For adults, the Rousseff administration has made a change in 2006, where consumers and suppliers of drugs are differentiated. The consumption of drugs has been nearly decriminalized, while other activities which are in any way related to the sale of drugs remain illegal.[30] Unfortunately the effects of the 2006 drug law are contested, legally the distinction between drug consumers and suppliers remains poorly defined. The result of this unclarity is that judges have a high degree of discretion which causes unequal punishment and evokes accusations of discriminatory court rulings.[28] Drug consumers receive a light penalty varying from mandatory self-education of the effects of drugs to community service. The minimum of punishment for a drug supplying offense is 5 to 15 years in prison.[31] Several critics argue for a less rudimentary categorization of drug abusers than just the two categories, as it would allow for more lenient punishments for minor drugs violations.[32] Critics such as former UN secretary general Kofi Anan and former president of Brazil Cardoso[33] propose to step away from the 'war' approach in general, saying the militant approach can be counterproductive.[31] However, the other side of the debate, and much of pupular opinion, expounds a more hard-line preference of heavy penalization.[30]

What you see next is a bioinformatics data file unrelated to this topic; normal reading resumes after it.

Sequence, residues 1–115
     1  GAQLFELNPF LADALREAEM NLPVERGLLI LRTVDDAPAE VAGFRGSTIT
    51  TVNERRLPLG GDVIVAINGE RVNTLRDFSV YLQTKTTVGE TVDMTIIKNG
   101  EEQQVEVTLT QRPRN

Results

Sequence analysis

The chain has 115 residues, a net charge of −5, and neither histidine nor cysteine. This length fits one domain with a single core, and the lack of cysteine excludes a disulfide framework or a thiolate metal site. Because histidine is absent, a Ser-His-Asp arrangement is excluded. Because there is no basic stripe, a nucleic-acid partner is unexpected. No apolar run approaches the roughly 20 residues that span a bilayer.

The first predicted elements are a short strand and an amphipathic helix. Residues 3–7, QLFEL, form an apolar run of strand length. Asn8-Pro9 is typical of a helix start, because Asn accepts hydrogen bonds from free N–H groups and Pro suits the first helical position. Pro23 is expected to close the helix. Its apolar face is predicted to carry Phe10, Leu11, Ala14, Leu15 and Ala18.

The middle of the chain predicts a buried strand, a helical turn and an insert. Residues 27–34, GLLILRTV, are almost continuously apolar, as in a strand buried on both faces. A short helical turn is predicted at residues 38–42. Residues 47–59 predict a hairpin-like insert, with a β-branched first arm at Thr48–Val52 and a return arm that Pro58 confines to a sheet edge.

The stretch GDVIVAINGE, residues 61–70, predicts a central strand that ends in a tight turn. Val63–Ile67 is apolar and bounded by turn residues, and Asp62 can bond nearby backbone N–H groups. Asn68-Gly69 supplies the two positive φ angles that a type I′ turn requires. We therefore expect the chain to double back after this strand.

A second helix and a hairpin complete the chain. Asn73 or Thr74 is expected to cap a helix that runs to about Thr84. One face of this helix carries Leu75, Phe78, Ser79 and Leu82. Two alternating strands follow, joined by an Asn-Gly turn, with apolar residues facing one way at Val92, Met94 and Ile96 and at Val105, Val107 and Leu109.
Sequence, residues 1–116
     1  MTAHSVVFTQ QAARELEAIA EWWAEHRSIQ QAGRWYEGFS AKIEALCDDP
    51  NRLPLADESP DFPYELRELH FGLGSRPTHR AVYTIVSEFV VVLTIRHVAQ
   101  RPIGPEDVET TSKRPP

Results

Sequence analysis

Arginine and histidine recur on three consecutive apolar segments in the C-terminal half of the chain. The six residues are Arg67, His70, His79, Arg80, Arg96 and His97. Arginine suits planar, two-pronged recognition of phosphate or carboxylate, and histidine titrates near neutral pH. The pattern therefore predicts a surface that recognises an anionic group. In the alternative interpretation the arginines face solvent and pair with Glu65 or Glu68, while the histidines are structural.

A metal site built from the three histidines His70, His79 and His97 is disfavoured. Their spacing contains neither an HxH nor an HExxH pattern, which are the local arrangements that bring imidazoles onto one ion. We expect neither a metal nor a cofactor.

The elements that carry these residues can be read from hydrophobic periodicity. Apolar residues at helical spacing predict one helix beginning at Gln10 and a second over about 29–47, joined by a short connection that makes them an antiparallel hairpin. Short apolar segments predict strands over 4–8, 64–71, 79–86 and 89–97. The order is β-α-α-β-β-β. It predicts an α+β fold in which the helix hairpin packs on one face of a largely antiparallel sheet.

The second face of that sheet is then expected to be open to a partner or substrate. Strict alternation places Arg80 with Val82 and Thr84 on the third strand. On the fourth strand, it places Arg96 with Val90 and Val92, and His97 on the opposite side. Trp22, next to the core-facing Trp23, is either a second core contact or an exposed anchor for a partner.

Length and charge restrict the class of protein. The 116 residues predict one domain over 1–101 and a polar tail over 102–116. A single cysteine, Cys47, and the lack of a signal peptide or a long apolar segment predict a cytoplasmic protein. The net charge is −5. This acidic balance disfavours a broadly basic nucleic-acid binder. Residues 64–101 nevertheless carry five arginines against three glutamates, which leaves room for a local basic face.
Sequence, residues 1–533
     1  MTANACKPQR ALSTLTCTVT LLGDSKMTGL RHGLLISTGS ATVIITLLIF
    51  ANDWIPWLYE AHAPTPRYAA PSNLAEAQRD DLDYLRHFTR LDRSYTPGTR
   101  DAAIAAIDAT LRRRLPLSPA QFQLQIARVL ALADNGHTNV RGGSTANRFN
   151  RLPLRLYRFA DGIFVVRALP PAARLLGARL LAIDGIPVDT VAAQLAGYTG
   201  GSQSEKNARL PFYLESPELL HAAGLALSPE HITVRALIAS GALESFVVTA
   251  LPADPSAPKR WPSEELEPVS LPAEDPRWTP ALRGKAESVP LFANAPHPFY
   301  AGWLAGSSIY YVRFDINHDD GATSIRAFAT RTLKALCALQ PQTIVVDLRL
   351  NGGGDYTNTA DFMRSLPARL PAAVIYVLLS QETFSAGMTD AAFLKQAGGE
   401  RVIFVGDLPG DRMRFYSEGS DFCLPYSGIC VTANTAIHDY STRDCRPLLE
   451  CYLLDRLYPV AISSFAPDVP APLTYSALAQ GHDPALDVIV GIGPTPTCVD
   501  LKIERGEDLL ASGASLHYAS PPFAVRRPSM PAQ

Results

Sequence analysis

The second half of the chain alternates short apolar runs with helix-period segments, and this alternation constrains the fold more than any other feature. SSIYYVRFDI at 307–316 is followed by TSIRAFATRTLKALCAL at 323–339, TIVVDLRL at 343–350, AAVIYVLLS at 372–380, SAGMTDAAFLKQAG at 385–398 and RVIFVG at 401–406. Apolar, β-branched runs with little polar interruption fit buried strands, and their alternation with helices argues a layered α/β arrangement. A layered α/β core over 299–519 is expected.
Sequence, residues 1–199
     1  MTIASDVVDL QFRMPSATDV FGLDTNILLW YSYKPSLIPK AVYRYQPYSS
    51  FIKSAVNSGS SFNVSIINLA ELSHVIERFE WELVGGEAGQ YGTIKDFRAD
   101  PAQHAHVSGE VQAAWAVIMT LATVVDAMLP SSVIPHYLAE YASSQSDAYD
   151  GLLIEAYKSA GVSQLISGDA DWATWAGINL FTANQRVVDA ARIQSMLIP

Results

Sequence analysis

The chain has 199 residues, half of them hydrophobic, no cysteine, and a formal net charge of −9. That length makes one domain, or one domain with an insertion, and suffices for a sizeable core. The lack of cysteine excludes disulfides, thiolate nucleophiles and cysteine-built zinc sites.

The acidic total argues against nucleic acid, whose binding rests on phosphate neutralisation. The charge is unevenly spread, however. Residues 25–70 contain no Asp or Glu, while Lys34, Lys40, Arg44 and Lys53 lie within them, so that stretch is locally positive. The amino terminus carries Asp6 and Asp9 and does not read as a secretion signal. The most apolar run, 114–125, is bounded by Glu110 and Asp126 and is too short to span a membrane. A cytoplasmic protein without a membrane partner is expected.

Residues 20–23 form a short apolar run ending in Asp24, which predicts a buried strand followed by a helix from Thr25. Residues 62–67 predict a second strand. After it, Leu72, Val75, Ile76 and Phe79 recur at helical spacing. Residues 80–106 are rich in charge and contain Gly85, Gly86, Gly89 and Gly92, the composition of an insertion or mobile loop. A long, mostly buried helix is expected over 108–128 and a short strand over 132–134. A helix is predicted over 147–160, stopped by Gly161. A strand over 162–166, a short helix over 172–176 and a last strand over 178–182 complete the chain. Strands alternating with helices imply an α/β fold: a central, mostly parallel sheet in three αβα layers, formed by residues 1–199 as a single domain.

Along with reform sentiment throughout Latin America, Supreme court justice Luis Roberto has called for the legalisation of drugs; starting with the decriminalization of Marijuana, and if successful, following with the decriminalization of cocaine. His argument for legalisation revolves around the failure of the current 'war' approach, potential savings for the penitentiary system, law enforcement and the judiciary. Furthermore, it would help prevent Brazils current mass incarceration problem, which funnels youths into gang membership.[34]

See also[edit]

References[edit]

  1. ^ "Brazil-Crime". Retrieved 17 December 2014.
  2. ^ "UNODC Statistics Online". data.unodc.org. Retrieved 2018-01-28.
  3. ^ "Óbitos por Causas Externas 1996 a 2010" (in Portuguese). DATASUS. Retrieved 2012-06-05.
  4. ^ [1]
  5. ^ a b "The World Factbook". Retrieved 17 December 2014.
  6. ^ Unius, Zein (4 April 2014). "Brazil Bodyguard Protection". Brazil Bodyguard Protection. Retrieved 1 November 2016.
  7. ^ a b c d agt. "UNODC: Global Study on Homicide".
  8. ^ Staff, John Zarocostas-McClatchy Foreign. "As world homicide rate declines, killings rise in Latin America, Caribbean".
  9. ^ "Brazil Had Record of 198 Murders per Day in 2018". Latin American Herald Tribune.
  10. ^ "Mapa da Violência 2013" (PDF).
  11. ^ "O DIA Online - Rio no mapa da morte". Archived from the original on 2011-05-11.
  12. ^ "Jair Bolsonaro, Latin America's latest menace". The Economist. Retrieved 2018-09-26.
  13. ^ "The Most Dangerous Cities in the World". WorldAtlas. Retrieved 2018-09-26.